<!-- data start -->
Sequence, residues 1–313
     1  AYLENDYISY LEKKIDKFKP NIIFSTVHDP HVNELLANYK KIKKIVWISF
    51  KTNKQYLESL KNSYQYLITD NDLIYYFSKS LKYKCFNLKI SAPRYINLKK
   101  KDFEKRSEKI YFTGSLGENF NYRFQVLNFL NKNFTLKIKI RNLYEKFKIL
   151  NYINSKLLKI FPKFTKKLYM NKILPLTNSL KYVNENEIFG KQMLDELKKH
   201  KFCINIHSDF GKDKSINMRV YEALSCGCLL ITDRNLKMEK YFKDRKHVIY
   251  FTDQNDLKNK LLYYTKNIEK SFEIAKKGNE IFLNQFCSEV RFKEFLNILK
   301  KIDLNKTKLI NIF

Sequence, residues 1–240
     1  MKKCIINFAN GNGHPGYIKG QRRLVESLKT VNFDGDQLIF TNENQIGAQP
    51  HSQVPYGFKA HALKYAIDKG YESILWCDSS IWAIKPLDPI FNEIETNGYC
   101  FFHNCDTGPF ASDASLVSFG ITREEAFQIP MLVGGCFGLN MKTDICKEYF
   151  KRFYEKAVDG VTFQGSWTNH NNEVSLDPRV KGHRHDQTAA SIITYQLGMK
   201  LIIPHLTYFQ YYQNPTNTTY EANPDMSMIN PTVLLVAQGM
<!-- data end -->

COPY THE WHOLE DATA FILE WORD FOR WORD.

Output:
Sequence, residues 1–313
     1  AYLENDYISY LEKKIDKFKP NIIFSTVHDP HVNELLANYK KIKKIVWISF
    51  KTNKQYLESL KNSYQYLITD NDLIYYFSKS LKYKCFNLKI SAPRYINLKK
   101  KDFEKRSEKI YFTGSLGENF NYRFQVLNFL NKNFTLKIKI RNLYEKFKIL
   151  NYINSKLLKI FPKFTKKLYM NKILPLTNSL KYVNENEIFG KQMLDELKKH
   201  KFCINIHSDF GKDKSINMRV YEALSCGCLL ITDRNLKMEK YFKDRKHVIY
   251  FTDQNDLKNK LLYYTKNIEK SFEIAKKGNE IFLNQFCSEV RFKEFLNILK
   301  KIDLNKTKLI NIF

Sequence, residues 1–240
     1  MKKCIINFAN GNGHPGYIKG QRRLVESLKT VNFDGDQLIF TNENQIGAQP
    51  HSQVPYGFKA HALKYAIDKG YESILWCDSS IWAIKPLDPI FNEIETNGYC
   101  FFHNCDTGPF ASDASLVSFG ITREEAFQIP MLVGGCFGLN MKTDICKEYF
   151  KRFYEKAVDG VTFQGSWTNH NNEVSLDPRV KGHRHDQTAA SIITYQLGMK
   201  LIIPHLTYFQ YYQNPTNTTY EANPDMSMIN PTVLLVAQGM